Ella: The Rainbow Pen Defense

Okay, first of all, I didn’t run out of ink, it’s just that have a million pretty pens and a very short attention span.

Well, not quite a million. Clearly I need more!

Well, not quite a million. Clearly I need more!

And second—it wasn’t a red pen. I got my teaching degree in the nineties when they were teaching us that red ink causes students emotional trauma, and we were never, never to use it. It was a hot pink pen.

When RB gives me her manuscript to critique I do this weird mash-up of copy edit and beta read. It just sort of evolved that way—when RB first gave me manuscripts to look at I corrected them the way my English composition professor corrected my papers. The more I learned about story, the more my focus shifted to character and plot. What we end up with is much too much hot pink ink on the page for a beta read, which is supposed to be about what worked and what didn’t in the story, and much too unfocused for a copy edit. I’m marking passive verbs and adding sentence breaks at the same time I’m asking about a character’s motivation. And then, I’m doing a copy edit of a draft, which seems like a waste of everyone’s time. Maybe the heavy pink ink should be saved for a final copy. But then again, I’m nearly as slow at critiquing RB’s work as I am at finishing my own. I think it might kill her if she had to wait for me to go through it twice.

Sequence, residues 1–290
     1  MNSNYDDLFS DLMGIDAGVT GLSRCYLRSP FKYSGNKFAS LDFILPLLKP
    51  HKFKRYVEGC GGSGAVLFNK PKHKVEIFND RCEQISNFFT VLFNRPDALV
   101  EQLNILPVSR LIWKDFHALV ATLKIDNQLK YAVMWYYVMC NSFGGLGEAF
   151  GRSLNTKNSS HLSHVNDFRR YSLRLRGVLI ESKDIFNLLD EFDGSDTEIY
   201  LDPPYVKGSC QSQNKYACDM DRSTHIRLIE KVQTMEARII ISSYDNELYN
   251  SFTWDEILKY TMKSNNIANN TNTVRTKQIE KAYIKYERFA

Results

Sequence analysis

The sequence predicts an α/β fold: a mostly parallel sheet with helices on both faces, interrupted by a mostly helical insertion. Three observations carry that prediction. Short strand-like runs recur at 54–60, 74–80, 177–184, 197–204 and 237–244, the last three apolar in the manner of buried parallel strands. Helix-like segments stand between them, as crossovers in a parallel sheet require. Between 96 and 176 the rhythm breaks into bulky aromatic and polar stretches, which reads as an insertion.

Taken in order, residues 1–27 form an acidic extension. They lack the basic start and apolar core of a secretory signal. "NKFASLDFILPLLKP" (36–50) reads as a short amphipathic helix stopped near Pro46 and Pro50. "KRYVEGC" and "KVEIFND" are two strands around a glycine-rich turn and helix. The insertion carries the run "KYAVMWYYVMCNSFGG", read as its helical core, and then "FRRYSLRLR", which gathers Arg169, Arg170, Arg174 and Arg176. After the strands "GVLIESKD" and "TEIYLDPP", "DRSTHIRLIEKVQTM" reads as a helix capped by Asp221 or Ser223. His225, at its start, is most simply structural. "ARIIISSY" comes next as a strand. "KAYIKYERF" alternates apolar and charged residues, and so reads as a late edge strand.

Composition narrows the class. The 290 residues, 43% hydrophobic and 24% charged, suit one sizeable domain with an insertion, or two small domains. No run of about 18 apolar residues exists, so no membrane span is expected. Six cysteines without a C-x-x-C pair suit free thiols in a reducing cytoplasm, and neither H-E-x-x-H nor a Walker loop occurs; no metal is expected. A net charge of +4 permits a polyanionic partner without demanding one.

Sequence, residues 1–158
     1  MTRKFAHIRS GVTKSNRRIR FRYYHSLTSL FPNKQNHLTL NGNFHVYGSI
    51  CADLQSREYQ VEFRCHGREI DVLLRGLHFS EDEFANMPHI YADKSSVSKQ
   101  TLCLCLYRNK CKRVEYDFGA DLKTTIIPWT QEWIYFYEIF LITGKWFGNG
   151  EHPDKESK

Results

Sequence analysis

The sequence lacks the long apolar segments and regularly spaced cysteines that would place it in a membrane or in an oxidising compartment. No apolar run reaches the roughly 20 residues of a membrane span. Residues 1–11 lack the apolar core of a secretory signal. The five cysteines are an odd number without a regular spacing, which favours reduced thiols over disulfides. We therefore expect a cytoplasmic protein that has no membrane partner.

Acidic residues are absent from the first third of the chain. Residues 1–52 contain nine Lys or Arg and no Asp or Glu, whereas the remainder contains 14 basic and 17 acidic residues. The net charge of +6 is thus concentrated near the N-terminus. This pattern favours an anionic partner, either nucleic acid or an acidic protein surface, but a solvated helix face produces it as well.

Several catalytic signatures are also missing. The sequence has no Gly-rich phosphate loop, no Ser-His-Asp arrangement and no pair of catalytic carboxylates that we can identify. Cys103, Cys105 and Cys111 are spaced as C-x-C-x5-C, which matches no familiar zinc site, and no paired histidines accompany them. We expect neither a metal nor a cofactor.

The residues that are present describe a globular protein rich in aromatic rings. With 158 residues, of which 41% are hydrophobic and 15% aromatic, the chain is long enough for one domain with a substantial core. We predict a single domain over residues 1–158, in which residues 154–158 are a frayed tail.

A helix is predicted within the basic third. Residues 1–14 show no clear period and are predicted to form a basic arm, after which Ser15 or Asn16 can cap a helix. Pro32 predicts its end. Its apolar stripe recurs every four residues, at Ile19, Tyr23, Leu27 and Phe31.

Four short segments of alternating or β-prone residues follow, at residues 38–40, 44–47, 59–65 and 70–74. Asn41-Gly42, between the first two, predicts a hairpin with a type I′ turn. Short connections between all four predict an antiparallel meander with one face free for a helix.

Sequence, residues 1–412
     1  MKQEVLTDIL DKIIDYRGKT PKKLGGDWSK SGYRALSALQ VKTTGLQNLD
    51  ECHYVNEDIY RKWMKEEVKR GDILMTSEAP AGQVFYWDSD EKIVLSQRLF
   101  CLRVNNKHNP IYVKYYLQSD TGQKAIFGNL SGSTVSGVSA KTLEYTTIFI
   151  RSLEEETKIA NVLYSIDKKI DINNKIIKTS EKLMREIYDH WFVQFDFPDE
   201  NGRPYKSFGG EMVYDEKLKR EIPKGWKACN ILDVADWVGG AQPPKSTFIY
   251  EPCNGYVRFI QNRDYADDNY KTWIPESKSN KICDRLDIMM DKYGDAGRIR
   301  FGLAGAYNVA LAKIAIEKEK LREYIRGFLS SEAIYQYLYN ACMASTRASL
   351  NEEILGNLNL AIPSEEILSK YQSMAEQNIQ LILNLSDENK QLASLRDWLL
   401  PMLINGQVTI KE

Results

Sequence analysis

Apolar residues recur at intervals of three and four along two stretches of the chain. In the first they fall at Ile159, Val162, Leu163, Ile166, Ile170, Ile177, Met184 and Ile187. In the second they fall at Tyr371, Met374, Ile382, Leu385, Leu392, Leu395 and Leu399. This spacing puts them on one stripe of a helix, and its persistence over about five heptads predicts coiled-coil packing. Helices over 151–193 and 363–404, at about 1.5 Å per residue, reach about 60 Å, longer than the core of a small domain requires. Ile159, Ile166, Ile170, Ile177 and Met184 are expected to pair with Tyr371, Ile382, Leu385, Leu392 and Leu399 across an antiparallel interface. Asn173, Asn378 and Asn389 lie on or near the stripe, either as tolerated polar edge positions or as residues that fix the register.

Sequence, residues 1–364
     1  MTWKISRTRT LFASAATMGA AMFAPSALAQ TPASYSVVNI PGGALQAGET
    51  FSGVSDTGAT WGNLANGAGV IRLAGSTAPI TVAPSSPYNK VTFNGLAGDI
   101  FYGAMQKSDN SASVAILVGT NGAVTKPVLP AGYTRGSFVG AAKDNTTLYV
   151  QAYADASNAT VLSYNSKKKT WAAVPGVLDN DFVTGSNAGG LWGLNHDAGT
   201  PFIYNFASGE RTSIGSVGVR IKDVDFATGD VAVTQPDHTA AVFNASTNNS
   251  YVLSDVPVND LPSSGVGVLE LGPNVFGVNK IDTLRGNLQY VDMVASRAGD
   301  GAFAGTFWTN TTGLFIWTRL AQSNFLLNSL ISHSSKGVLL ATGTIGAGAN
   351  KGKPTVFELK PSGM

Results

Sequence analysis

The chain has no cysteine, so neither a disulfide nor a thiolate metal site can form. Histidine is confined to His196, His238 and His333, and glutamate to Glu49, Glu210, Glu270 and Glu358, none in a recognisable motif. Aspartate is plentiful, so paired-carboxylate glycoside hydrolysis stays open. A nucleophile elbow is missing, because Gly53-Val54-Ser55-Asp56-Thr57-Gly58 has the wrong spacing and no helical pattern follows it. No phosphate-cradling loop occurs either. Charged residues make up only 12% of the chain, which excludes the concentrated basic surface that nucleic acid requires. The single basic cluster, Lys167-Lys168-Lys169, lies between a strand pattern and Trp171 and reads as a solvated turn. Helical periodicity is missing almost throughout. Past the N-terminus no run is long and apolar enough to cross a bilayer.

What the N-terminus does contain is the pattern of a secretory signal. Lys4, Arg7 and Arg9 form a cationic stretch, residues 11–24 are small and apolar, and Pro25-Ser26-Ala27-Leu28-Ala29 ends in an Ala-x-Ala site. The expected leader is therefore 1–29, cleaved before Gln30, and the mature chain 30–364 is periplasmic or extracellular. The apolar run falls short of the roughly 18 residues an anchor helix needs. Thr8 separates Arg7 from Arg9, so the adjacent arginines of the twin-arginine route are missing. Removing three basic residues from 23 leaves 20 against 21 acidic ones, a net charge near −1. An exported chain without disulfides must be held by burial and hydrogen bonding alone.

I just don’t know.

Maybe it’s fine; maybe working with a critique partner is like writing a first draft: there’s no wrong way to do it as long as you’re happy with what you get.

What do you guys do? Do you have a critique partner you work with? Who reads your work first and how do you want them to respond to it? At what point do you want a copy edit?

And most importantly, what color ink do you prefer?

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